Local News
April 27, 2016

Town receives recreational trails program grant

Mountain bike trails near reality
KILLINGTON—The Town of Killington has been awarded a $50,000 Recreational Trails Program Grant from the Vermont Department of Forests, Parks & Recreation to help develop the town’s planned mountain bike trail system on national forest land.
The trails to be constructed adjacent to Kent Pond are part of a larger town-wide initiative to link Killington Resort’s mountain biking trails with the greater Killington community and nearby public lands, and to elevate the region’s status in the mountain bike market. It also further promotes the town as a premier four-season destination for tourists and outdoor enthusiasts. The trail system is a collaboration with the Killington Mountain Bike Club (a Vermont Mountain Bike Association chapter), and the Town of Killington. The $50,000 grant requires a 20 percent match, which will be fulfilled by the KMBC and the town.
“Collaborating with the National Forest Service, KMBC and the Vermont Mountain Bike Association has been a win for the next steps in building the new trails,” says Kim Peters, recreation director for the town. “Grant writing is timely and detailed, but the reward comes in receiving the grant, which supports our town’s master plan to build this accessible, family-friendly trail system.”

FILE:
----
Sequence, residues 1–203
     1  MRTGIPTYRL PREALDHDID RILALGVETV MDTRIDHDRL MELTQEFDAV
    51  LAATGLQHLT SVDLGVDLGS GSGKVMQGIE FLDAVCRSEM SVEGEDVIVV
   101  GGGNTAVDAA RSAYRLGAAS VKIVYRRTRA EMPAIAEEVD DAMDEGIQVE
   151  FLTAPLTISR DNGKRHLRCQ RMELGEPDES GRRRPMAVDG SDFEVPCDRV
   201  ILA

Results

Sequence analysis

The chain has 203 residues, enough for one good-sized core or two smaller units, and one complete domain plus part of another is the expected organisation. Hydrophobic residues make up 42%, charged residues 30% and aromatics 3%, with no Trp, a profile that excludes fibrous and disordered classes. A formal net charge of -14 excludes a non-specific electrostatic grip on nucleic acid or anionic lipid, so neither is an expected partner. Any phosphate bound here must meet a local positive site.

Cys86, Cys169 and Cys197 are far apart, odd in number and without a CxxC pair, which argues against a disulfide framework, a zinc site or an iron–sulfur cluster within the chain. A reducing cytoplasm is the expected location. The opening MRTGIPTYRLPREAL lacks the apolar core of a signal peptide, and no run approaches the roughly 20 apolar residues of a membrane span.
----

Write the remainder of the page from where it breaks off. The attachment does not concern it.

Construction on the first two miles of a cross-country network in the Green Mountain National Forest will begin this summer. When completed, the network will boast 15-plus miles of mountain bike trails.
Mountain biking is a known economic driver in support of four-season tourism promotion, with an economic impact over ten times greater than the ski/snowboard market. A study conducted by the small town of East Burke, Vt., found that its trail network brings 40,000 visitors and an estimated $4 million annually to the economy.
Along with pursuing multiple grants, the Town of Killington has committed annual funding to its recreation restricted fund, to be used to finance the proper development and maintenance of trails.
For more information, visit www.killingtontown.com.

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